Rather than dismissing schoolyard bullying as "a phase" that children will eventually outgrow, parents have the unique opportunity to alter these behaviors by helping young children overcome the very fears, anxieties, and insecurity that place them at risk.
There are six things you can do to help:
- Stay connected with your child. The more you know about your child's classmates and school life, the more likely you will be to spot any changes the child's demeanor or interactions. This includes both the child being bullied and the child who is bullying. Make a point of discussing the events of the day every day, and pay attention to not only what the child says but what he or she may be avoiding in conversation.
- Look for the warning signs. If a child is a victim of bullying, the first warning sign will usually a change in behavior. This may include withdrawing, exhibiting sudden aggression or anger, misbehaving, or being reluctant to go the school. If your child is a bully, the clues may be harder to pick up, but it is not uncommon to hear the bully make disparaging and boastful remarks about others, often without realizing how unkind the behavior is.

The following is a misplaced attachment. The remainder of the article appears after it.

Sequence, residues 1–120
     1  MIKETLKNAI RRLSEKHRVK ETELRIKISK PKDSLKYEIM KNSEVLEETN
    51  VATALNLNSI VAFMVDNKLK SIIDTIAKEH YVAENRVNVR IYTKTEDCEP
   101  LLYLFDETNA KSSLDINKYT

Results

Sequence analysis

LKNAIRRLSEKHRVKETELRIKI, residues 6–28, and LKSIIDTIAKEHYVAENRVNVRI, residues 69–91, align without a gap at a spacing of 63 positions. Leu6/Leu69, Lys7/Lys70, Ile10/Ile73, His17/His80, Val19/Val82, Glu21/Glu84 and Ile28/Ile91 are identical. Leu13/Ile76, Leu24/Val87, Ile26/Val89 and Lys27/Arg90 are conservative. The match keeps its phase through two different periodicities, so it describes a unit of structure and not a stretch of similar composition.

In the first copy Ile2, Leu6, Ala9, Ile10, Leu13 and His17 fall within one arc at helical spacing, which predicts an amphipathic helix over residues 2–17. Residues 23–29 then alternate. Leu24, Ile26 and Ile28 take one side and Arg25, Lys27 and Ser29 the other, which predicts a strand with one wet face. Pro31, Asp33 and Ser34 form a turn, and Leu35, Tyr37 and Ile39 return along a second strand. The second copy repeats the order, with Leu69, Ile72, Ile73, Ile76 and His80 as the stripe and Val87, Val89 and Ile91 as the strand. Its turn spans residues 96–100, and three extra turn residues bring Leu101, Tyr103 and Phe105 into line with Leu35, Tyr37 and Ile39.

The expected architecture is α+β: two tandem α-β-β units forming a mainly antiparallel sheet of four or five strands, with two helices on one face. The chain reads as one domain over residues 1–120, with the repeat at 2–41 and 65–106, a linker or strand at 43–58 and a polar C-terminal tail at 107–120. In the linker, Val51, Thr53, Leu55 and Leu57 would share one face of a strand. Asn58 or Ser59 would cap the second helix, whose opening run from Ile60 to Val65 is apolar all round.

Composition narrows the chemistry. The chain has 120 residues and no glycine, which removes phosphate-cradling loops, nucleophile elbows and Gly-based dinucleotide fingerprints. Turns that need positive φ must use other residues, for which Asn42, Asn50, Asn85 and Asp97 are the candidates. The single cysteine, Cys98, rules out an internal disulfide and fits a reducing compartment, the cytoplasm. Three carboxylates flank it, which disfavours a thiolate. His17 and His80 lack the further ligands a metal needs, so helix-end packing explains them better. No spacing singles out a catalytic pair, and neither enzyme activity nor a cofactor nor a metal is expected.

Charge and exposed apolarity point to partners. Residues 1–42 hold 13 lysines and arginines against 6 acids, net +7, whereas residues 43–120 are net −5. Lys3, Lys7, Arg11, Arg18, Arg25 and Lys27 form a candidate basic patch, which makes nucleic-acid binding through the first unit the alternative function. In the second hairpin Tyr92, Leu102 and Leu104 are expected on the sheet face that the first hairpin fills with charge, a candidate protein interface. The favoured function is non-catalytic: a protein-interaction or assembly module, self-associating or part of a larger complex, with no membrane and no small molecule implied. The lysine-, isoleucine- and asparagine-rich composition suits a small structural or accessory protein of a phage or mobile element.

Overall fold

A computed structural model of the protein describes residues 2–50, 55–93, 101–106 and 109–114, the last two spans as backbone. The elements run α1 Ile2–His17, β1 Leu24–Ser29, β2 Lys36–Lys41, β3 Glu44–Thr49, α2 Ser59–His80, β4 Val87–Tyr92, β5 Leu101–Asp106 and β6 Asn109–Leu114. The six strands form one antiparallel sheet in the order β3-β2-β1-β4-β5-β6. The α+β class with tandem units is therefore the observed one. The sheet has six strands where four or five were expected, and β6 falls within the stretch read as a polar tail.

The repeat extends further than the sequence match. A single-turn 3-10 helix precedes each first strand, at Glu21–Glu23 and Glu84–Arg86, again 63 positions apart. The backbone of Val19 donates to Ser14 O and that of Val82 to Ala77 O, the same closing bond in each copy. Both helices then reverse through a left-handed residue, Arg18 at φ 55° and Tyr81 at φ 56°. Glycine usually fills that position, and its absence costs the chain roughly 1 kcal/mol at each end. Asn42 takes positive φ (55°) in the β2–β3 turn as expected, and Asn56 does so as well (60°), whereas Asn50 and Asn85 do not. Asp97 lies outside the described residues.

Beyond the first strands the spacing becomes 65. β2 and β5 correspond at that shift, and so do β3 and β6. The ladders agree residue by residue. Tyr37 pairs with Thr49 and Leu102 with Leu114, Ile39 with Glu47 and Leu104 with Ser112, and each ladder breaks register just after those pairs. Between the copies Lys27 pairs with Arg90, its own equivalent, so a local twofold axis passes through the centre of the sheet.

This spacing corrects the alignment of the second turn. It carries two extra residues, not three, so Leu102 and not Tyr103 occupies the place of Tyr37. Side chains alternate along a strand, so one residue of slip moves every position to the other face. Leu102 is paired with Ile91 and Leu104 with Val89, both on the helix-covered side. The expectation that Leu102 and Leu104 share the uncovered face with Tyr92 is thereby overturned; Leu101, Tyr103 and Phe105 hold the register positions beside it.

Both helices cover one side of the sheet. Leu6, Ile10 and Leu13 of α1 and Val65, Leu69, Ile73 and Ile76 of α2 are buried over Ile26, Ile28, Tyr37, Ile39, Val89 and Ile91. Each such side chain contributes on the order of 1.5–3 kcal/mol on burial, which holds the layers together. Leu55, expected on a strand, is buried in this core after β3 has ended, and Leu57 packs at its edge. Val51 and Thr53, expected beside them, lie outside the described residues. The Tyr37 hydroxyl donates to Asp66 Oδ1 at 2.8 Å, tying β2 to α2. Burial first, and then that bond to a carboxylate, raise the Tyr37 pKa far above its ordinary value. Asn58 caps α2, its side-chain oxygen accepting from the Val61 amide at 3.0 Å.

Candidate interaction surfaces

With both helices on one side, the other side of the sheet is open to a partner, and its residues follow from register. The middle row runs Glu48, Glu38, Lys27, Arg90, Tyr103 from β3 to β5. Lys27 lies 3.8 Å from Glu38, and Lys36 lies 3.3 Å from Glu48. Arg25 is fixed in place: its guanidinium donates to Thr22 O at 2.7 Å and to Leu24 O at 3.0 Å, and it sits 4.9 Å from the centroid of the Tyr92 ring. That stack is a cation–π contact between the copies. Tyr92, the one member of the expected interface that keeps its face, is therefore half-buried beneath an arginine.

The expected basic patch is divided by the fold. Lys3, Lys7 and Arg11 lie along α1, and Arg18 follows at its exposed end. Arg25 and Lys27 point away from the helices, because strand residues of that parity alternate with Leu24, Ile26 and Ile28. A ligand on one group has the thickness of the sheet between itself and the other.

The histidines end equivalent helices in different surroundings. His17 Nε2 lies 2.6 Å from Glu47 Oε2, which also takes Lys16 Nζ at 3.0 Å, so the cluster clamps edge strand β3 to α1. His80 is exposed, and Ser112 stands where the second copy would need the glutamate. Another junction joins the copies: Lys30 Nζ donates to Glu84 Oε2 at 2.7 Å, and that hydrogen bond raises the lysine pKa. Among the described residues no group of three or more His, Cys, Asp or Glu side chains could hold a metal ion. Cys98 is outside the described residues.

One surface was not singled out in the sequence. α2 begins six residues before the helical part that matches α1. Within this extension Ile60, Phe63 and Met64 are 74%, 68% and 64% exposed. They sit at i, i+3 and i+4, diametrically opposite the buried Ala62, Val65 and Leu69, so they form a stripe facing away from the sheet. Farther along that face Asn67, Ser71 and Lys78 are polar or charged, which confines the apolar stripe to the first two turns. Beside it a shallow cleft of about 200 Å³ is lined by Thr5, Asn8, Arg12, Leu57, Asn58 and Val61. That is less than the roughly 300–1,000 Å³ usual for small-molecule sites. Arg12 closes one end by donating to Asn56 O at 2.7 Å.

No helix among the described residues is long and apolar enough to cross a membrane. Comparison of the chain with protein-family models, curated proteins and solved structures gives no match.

- Explain what bullying is. Young children understand that hitting or pushing another child is wrong. Even teasing is something they instinctively know is hurtful. But kids can be both sophisticated and unsophisticated in their approach to these behaviors. On the one hand, they can dismiss teasing as "just kidding around" and, on the other, fail to comprehend how other hurtful behaviors like exclusion can be. Help your child understand bullying in all its forms, both direct and subtle.
- Teach a child empathy. Young children have the unique talent of making connections. Unlike adults, who are able to navigate conflict and justify ill behaviors, kids who are five, six, or seven see action and consequence in a more straightforward way. If your child is a bully, ask how he or she would feel if the shoe were on the other foot. If your child is being bullied, help them understand why some kids misbehave can effectively "take them off the hook" and confirm that they are neither strange nor blameworthy.